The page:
Paris-based photojournalist Steven Wassenaar, a contributor to Untapped Cities who previously showed us life amidst war on the border of Syria and Lebanon, shared with us this photo series he took three years ago at an editorial meeting in the Paris headquarters of Charlie Hebdo, the satirical magazine attacked on the morning of January 7th, 2015. When we saw these images Wednesday afternoon, it brought to life the individual tragedies that now form the raison d’etre for the solidarity expressed on the global stage. It seemed only fitting a few hours later to see New Yorkers and French expatriates put faces to the tragedy in a gathering in Union Square on Wednesday night. Photographs of the eyes of the victims, printed in a style reminiscent of French artist JR’s “Women are Heroes” in the Providência favela of Rio de Janeiro, were held up. “Je Suis Charlie” signs and chants of “We are Charlie” echoed.
Maybe this expression has prominence because the victims were public figures, or because the messages of Charlie Hebdo were consumed by a collective nation. But it gives us pause as journalists. How can we strive to make reporting of such tragedies more than just numbers?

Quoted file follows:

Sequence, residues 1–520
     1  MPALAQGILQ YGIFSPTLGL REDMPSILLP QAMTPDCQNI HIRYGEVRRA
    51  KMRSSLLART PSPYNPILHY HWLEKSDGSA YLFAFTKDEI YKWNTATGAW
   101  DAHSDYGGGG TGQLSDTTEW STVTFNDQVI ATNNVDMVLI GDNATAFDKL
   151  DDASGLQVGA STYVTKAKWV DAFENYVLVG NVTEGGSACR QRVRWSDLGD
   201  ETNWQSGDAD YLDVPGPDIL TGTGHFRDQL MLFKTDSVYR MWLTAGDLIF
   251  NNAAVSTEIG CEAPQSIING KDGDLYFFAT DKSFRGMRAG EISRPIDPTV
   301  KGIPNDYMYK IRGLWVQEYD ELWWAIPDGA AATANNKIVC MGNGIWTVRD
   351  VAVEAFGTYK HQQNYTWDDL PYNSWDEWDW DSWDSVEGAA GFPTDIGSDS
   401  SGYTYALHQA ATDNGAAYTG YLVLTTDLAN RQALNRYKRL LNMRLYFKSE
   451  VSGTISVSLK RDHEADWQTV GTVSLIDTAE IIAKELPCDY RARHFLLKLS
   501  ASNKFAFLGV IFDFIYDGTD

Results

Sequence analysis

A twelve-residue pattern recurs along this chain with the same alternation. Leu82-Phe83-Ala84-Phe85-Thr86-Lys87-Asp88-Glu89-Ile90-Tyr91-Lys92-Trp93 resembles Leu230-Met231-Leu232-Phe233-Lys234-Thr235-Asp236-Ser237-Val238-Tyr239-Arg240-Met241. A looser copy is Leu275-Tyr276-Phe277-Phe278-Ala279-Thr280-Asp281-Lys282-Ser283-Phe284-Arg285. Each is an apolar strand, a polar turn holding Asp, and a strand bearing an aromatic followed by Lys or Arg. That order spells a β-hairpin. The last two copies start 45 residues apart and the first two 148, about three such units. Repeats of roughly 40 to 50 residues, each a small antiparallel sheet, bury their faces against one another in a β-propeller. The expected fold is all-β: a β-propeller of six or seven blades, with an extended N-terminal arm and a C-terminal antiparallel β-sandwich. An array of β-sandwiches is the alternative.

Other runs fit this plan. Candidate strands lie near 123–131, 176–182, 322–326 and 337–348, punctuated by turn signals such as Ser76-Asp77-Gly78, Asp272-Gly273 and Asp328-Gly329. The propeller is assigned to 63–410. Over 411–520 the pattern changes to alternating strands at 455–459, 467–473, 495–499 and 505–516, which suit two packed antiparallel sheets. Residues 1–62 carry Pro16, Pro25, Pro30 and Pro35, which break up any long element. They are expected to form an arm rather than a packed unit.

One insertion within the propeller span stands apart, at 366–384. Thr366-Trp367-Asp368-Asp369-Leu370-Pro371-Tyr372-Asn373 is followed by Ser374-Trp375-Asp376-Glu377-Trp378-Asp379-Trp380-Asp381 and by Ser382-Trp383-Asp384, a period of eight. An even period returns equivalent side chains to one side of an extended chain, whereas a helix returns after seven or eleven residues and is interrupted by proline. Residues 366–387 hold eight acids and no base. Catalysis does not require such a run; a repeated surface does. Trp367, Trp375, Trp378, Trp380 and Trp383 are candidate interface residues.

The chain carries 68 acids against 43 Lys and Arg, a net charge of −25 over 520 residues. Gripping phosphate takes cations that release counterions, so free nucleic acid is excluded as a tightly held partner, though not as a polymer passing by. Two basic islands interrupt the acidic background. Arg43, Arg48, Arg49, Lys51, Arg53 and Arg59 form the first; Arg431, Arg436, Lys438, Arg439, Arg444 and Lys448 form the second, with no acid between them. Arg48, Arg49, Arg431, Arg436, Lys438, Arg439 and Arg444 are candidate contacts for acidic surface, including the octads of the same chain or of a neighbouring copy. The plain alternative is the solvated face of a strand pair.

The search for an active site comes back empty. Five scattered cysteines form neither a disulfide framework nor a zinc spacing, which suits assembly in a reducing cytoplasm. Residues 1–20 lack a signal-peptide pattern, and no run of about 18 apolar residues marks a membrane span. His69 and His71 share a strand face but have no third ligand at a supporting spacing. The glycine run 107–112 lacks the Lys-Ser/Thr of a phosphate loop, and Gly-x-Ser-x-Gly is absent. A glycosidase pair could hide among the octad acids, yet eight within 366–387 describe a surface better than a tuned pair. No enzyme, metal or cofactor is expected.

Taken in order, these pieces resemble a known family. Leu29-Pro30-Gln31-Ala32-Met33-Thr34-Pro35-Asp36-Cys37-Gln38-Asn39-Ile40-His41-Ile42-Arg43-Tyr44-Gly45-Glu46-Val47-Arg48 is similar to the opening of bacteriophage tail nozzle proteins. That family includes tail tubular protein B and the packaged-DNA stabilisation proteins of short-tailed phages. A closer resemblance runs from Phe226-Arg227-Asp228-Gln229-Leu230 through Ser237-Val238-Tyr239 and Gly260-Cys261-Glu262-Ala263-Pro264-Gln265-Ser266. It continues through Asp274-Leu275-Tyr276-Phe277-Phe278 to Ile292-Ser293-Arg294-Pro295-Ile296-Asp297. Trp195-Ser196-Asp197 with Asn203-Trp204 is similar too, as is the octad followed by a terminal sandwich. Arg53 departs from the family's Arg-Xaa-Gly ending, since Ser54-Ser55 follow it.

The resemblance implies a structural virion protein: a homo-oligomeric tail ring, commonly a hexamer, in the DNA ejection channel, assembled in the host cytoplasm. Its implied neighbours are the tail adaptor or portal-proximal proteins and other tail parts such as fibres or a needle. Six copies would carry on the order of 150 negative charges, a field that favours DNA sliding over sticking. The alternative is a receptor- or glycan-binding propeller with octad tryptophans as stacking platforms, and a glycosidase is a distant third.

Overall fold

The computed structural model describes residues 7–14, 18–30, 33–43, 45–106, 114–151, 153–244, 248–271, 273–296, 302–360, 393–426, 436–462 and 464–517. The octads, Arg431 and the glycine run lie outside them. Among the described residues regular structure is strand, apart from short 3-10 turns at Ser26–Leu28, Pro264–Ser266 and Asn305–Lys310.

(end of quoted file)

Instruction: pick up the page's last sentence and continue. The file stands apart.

At Untapped Cities, a good percentage of our team is from France–either living there or working here in the United States, including illustrator David Cessac who passed in 2014. We are Charlie too, and we hope this photo series from Steven Wassenaar inside the headquarters of Charlie Hebdo can highlight even more, the people lost yesterday. Incredibly, Charlie Hebdo will release its next issue on schedule, with an increased print run of 1 million copies next Wednesday.
Georges Wolinski (left), Jean Cabu (right) killed
Jean Cabu, killed
Steven writes, “Exactly three years ago I spent four days photographing the daily life at Charlie Hebdo. It was one of my best moments as a photographer. They had so much fun, laughing all the time while working, they were friendly, warm and intelligent. Welcoming and interested. I will not forget Charb, Wolinski and Tignous. And especially I remember Cabu, who was one of the friendliest men I have ever met, delicate, amazingly young at 77 years. What a monster one has to be to be able to kill such a gentle old man, such a fine artist. Devastated.”
Scroll through the slideshow, for more photographs including the policemen who guarded some of the staff day and night:
This article will also be republished in French, shortly.